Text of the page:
The report provides a comprehensive summary of the key global trends and patterns in terrorism over the last decade. The calculation of the GTI score takes into account not only deaths, but also incidents, hostages, and injuries from terrorism, weighted over a five-year period. The GTI report is produced by the Institute for Economics & Peace (IEP) using data from TerrorismTracker and other sources. TerrorismTracker provides event records on terrorist attacks since 1 January 2007. The dataset contains over 60,500 terrorist incidents for the period 2007 to 2021.
In 2021, deaths from terrorism fell by 1.2 per cent to 7,142 deaths and are now a third of what they were at their peak in 2015. The minor fall in deaths was mirrored by a reduction in the impact of terrorism, with 86 countries recording an improvement, compared to 19 that deteriorated. However, the number of attacks globally increased by 17 per cent to 5,226. As such, the lethality of attacks decreased from 1.6 deaths per attack to 1.4 deaths per attack over the 12-month period. Russia and Eurasia had the largest regional improvement.
The number of countries experiencing at least one death from terrorism in the past year was 44, a slight increase compared with the 43 countries in 2020. Another 105 countries had no deaths or attacks from terrorism in 2021. This is the highest number of countries since 2007.
The data shows a shift in the dynamics of terrorism, with it becoming more concentrated in regions and countries suffering from political instability and conflict, such as the Sahel, Afghanistan and Myanmar. Violent conflict remains a primary driver of terrorism, with over 97 per cent of terrorist attacks in 2021 taking place in countries in conflict. All of the ten countries most impacted by terrorism in 2021 were involved in an armed conflict in 2020.1 Attacks in countries involved in conflict are six times deadlier than attacks in peaceful countries.
There were serious deteriorations in many countries in SubSaharan Africa (SSA), especially the Sahel. Forty-eight per cent, or 3,461, of all terrorism deaths globally occurred in SSA with four of the ten countries with the largest increases in deaths from terrorism residing in SSA: Burkina Faso, the Democratic Republic of the Congo, Mali, and Niger. Three of these countries are in the Sahel.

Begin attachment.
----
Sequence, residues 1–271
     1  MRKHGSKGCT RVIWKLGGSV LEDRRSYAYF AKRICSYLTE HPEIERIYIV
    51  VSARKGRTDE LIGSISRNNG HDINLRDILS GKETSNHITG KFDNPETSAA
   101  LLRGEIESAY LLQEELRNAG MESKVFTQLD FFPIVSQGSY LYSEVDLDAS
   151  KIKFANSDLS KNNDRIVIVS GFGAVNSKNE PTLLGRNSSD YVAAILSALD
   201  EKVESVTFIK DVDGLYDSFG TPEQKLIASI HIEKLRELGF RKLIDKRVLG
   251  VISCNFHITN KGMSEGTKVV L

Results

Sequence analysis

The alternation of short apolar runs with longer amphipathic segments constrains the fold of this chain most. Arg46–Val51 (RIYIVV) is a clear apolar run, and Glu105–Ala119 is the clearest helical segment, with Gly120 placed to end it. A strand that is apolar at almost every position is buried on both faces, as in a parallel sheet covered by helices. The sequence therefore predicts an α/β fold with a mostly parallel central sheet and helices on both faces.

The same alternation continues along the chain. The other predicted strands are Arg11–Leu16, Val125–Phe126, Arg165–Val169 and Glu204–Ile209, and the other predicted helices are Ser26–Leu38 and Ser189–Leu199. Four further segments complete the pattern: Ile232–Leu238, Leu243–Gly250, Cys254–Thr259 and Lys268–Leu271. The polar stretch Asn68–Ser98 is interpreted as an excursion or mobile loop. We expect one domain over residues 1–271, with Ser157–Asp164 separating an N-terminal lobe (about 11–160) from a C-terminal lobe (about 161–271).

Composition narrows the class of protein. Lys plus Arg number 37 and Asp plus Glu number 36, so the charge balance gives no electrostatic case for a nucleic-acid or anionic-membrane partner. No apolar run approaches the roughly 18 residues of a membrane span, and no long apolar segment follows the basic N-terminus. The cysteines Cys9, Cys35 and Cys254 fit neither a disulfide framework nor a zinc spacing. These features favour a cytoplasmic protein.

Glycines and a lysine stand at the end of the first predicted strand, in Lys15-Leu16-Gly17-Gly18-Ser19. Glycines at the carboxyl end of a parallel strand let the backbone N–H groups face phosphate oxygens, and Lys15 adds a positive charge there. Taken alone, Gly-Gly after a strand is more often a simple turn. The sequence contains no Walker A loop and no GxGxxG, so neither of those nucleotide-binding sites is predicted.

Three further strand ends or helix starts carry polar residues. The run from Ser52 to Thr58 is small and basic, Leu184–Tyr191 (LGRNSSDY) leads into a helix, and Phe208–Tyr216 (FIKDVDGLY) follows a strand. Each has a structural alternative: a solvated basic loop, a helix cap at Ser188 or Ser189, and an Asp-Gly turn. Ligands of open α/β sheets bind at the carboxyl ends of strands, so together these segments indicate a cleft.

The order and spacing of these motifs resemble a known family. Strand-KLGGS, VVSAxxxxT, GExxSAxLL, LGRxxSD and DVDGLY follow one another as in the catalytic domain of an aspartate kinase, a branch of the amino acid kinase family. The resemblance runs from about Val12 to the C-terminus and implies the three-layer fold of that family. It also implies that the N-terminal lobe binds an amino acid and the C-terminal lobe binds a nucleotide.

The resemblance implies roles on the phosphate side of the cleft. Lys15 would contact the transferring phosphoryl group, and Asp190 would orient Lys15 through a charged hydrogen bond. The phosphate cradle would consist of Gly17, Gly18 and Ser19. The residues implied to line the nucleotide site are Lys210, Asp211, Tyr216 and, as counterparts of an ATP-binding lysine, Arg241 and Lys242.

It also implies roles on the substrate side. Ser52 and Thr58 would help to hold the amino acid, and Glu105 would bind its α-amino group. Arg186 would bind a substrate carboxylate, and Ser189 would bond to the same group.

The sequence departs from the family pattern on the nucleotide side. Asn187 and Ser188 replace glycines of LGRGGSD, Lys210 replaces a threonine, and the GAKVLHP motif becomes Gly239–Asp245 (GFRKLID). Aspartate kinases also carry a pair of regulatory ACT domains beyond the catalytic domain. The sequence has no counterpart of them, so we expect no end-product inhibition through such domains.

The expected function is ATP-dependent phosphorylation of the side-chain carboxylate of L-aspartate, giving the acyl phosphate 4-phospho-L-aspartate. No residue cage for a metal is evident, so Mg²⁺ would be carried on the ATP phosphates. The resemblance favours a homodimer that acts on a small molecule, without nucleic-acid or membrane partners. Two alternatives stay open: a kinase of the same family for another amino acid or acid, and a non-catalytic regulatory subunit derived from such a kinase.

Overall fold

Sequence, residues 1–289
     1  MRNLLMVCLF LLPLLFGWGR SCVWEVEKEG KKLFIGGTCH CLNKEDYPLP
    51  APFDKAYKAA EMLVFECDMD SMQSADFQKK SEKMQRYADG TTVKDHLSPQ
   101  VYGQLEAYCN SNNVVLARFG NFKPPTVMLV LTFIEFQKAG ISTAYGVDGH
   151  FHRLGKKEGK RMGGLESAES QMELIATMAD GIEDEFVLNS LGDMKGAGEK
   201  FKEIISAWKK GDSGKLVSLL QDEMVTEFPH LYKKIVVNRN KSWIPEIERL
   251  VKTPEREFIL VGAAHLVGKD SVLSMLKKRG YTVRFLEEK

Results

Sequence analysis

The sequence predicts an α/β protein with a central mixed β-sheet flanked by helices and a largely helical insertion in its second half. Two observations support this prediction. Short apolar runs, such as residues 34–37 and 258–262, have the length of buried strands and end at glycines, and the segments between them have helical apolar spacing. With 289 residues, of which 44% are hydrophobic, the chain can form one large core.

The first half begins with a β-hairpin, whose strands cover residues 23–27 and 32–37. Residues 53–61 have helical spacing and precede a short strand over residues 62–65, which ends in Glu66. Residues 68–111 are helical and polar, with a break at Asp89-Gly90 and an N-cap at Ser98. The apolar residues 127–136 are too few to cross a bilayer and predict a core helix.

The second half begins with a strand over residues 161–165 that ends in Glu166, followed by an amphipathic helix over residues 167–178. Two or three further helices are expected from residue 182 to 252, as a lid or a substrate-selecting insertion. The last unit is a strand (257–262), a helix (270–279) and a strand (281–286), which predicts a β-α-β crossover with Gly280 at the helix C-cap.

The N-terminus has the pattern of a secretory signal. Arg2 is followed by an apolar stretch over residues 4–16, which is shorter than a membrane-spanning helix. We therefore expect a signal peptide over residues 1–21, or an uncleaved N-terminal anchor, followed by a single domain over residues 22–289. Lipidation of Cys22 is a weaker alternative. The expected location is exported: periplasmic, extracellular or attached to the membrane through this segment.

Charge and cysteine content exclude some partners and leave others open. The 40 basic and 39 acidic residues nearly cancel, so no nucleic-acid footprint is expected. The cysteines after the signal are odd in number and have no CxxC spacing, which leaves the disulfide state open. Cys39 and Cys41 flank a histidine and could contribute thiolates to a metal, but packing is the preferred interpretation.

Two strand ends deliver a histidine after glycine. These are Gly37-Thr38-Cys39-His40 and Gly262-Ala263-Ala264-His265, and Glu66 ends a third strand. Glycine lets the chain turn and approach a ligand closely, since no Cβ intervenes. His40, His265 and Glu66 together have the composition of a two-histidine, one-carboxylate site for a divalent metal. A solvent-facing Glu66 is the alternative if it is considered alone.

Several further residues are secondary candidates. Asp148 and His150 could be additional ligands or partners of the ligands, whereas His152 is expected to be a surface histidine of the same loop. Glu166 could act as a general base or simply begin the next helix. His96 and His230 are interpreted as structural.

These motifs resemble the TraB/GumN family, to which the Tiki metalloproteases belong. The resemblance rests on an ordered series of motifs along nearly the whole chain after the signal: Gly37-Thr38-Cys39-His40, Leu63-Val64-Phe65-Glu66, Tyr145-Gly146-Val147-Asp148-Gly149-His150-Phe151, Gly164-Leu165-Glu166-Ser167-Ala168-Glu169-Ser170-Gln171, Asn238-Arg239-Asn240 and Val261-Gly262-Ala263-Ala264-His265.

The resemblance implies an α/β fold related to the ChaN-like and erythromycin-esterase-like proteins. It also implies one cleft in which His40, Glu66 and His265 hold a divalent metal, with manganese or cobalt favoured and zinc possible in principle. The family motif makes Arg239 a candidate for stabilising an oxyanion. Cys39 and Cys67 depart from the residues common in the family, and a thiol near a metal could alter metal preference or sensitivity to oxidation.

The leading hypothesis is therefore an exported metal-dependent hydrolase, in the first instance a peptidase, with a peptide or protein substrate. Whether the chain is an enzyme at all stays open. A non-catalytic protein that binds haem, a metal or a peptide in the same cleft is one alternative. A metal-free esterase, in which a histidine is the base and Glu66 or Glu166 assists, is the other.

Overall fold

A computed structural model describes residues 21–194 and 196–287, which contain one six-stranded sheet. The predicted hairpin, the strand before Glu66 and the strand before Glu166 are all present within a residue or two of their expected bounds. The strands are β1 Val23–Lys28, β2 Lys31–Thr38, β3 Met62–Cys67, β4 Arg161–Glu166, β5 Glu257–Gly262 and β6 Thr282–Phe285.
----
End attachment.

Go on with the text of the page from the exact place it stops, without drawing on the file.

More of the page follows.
On a more positive note, there was a ten per cent improvement in terrorism deaths in SSA. The improvement can be attributed to the successful counter insurgency operations targeting Boko Haram where deaths caused by the group declined by 72 per cent between 2020 and 2021 from 629 deaths to 178 deaths. Nigeria recorded the second biggest reduction in deaths. This is more than the overall decrease in terrorism deaths in SSA. Attacks by the group also significantly decreased, halving from the prior year to 64 attacks.
The Sahel is of serious concern. The expansion of Islamic State (IS) affiliates led to a surge in terrorism in many countries in the Sahel. Highlighting the magnitude of the problem, terrorism deaths have risen by over one thousand per cent between 2007 and 2021 in the Sahel. Terrorism deaths in Niger more than doubled in 2020, rising to 588. Deaths attributed to Islamic extremist groups such as Islamic State in West Africa (ISWA), Jama’at Nasr al-Islam wal Muslimin (JNIM), Boko Haram and Al-Shabaab recorded deaths as far south as Mozambique, with 43 per cent occurring in the Sahel.
The situation in the Sahel is rapidly deteriorating, with eight attempted coups in Burkina Faso, Mali, Guinea and Chad in the last eighteen months. The underlying drivers are complex and systemic, including poor water utilisation, lack of food, malnutrition, strong population growth, and weak governments, with most of the terrorist activity occurring along borders where government control is weakest. Adding to the complexity, many criminal organizations increasingly represent themselves as Islamic insurgents.
JNIM is the fastest growing group globally, recording the largest increase in the number of attacks and deaths in 2021. It was responsible for 351 deaths in 2021, an increase of 69 per cent. In contrast ISWA is the most lethal group in the Sahel, with the group responsible for on average 15.2 deaths per attack in Niger.